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Understanding Sources of Clock Jitter Critical for SOC’s

Understanding Sources of Clock Jitter Critical for SOC’s
by Tom Simon on 05-29-2017 at 12:00 pm

Jitter issues in SOC’s reside at the crossroads of analog and digital design. Digital designers would prefer to live in a world of clocks that are free from jitter effects. At the same time, analog designers can build PLL’s that are precise and finely tuned. However, when a perfectly working PLL is inserted into an SOC, things can get complicated.

On the digital side deterministic jitter can cause havoc with timing. Deterministic jitter comes from things like supply noise, duty cycle distortion, and other factors. The other variety of jitter is called random jitter, and mostly comes from variations in the VCO or PLL over a number of cycles. Random jitter is often hard to measure because it can be buried in the much higher amplitude deterministic jitter.

In a presentation prepared by Silicon Creations, they posit that deterministic jitter (the kind that can seriously affect SOC timing) is often largely a result of supply noise. The title of their presentation is “Supply Noise Induced Jitter – Don’t Let it Kill Your Chip”. They have seen deterministic jitter of up to 450ps. It’s worth noting that analog interface IP is also affected by jitter, potentially leading to higher BER and poor SNR.

Looking in more detail at the digital side, we already know that gate delay depends on voltage and temperature. Supply voltage variations caused by noise alter gate delay, which will affect clocks as well as control logic and data paths. Nice gradual shifts in supply voltage are not nearly as bad as abrupt changes while a clock edge is in flight. The results can take an extremely clean clock signal and turn it into one with detrimental levels of jitter. Additionally, longer paths are more susceptible to jitter effects.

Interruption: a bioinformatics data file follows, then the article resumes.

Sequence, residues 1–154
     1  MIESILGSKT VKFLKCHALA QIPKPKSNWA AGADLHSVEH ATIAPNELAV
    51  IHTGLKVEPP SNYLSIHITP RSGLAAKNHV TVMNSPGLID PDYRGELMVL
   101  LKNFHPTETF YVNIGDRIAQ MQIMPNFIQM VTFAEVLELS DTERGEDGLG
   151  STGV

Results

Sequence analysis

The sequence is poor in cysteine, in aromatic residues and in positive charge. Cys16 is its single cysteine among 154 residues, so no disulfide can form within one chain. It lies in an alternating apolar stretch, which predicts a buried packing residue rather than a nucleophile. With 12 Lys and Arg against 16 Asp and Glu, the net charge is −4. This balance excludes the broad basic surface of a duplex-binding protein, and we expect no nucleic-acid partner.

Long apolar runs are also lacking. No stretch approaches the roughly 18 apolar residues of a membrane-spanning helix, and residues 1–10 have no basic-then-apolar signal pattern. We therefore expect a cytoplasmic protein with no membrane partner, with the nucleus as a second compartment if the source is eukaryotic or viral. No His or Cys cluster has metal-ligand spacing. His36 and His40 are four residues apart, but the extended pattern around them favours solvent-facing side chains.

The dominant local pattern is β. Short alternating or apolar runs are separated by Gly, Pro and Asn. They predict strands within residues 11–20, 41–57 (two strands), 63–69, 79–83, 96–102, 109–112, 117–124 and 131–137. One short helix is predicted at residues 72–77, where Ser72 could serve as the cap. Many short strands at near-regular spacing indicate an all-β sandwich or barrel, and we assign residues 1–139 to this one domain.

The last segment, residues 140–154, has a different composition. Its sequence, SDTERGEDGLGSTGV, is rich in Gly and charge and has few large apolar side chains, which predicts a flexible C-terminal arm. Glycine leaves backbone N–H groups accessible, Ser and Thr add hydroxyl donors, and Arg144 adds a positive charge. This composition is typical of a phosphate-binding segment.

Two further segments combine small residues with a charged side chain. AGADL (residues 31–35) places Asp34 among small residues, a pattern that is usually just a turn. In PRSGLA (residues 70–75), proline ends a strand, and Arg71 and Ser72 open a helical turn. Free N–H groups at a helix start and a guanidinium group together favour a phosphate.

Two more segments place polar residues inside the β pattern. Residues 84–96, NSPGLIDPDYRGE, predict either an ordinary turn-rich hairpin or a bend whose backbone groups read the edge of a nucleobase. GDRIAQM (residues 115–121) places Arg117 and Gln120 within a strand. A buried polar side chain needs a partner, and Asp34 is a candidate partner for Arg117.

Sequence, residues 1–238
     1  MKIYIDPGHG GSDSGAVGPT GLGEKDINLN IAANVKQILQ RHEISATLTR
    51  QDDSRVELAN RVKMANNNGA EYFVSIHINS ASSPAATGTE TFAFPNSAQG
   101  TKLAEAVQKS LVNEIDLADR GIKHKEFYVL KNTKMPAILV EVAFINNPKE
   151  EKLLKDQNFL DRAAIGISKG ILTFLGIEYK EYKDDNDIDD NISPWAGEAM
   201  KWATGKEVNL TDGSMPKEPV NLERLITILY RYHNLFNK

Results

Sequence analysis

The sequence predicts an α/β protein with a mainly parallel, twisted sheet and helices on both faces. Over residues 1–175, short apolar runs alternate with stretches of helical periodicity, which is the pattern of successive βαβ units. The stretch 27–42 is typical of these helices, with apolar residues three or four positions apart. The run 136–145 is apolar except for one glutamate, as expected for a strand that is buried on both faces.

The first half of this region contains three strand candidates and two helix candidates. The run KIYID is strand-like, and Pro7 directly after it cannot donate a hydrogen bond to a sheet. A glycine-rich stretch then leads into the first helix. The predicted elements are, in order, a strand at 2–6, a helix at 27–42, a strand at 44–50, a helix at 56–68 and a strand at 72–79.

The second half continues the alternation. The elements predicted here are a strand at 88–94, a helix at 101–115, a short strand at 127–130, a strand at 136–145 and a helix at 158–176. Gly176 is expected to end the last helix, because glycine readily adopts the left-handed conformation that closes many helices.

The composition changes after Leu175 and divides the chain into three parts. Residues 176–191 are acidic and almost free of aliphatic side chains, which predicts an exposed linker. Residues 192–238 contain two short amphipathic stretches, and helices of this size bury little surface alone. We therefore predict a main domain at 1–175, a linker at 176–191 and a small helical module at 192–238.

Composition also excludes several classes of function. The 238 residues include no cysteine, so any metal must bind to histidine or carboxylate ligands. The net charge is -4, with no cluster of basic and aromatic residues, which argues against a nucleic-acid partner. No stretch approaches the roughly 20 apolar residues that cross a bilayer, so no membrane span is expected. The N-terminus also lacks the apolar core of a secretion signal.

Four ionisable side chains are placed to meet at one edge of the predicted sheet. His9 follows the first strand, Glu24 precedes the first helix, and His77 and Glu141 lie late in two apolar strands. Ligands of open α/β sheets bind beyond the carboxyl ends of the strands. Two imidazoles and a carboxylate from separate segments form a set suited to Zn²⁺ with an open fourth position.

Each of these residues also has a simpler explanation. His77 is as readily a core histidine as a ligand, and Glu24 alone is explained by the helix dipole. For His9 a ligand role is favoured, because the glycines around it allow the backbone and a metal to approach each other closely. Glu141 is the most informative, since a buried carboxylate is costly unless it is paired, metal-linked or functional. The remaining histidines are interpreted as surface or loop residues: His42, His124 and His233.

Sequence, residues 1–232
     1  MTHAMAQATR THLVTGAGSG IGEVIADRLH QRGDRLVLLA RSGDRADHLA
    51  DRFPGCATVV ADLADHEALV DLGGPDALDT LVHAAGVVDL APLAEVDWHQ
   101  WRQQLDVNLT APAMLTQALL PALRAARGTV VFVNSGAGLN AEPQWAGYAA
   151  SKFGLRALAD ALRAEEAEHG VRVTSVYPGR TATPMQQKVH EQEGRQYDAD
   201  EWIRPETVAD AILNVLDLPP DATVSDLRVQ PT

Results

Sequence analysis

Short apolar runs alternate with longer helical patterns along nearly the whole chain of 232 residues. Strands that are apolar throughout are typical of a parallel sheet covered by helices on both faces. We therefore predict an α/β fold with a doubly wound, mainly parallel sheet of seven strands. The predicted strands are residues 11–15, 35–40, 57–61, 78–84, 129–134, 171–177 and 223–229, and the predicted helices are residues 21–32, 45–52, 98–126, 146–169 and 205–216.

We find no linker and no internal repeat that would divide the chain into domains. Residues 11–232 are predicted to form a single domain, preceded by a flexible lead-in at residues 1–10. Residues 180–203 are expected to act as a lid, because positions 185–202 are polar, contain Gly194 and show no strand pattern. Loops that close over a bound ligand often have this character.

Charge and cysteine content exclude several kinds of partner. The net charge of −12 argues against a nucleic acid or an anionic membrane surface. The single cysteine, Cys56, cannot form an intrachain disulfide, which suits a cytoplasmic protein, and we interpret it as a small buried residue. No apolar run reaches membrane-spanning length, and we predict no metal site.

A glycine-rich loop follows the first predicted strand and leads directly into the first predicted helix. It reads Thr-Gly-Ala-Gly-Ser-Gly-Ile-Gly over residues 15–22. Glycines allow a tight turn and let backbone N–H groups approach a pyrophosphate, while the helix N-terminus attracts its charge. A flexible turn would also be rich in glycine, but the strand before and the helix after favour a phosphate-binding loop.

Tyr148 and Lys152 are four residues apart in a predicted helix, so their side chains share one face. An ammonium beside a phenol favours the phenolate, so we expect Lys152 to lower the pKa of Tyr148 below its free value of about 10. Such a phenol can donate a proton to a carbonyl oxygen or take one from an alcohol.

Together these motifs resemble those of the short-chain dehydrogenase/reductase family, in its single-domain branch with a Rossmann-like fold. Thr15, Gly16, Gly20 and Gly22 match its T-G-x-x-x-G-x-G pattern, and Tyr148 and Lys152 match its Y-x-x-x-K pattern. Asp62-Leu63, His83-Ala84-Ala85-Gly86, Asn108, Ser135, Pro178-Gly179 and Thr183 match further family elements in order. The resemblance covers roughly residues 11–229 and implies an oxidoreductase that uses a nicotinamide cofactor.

Silicon Creations has a useful formula shown above for estimating period jitter. You can see it depends heavily on the peak to peak changes in the difference between Vdd and Vss, as well as the difference between Vdd and Vt. Silicon Creations is fine admitting that this is an approximation, not a rigorous equation. Though to make this formula useful there needs to be a way to estimate changes in Vdd. Their presentation goes into detail on methods to go through this process.

Alternatively, in many cases it can prove useful to assemble a flow for modeling jitter, rather than relying on a rule of thumb such as the one shown above. Silicon Creations customers’ have also done this with a flow based on Voltus & Tempus from Cadence. It is necessary to look at activity information and use this to derive per instance dynamic voltage drop information. Of course thermal information is needed too.

Silicon Creations closes their presentation with suggestions on how to fix chips that are broken due to jitter related issues. Their interest in this topic comes from wanting to ensure design success for customers of their PLL IP. They have had extensive experience working with SOC design teams to find solutions to chip level timing and jitter issues. Clearly this is a case of having to bring together expertise in the digital and analog domains to craft the best technical resolution.

If you want to look over the entire presentation, you can find it on their website.

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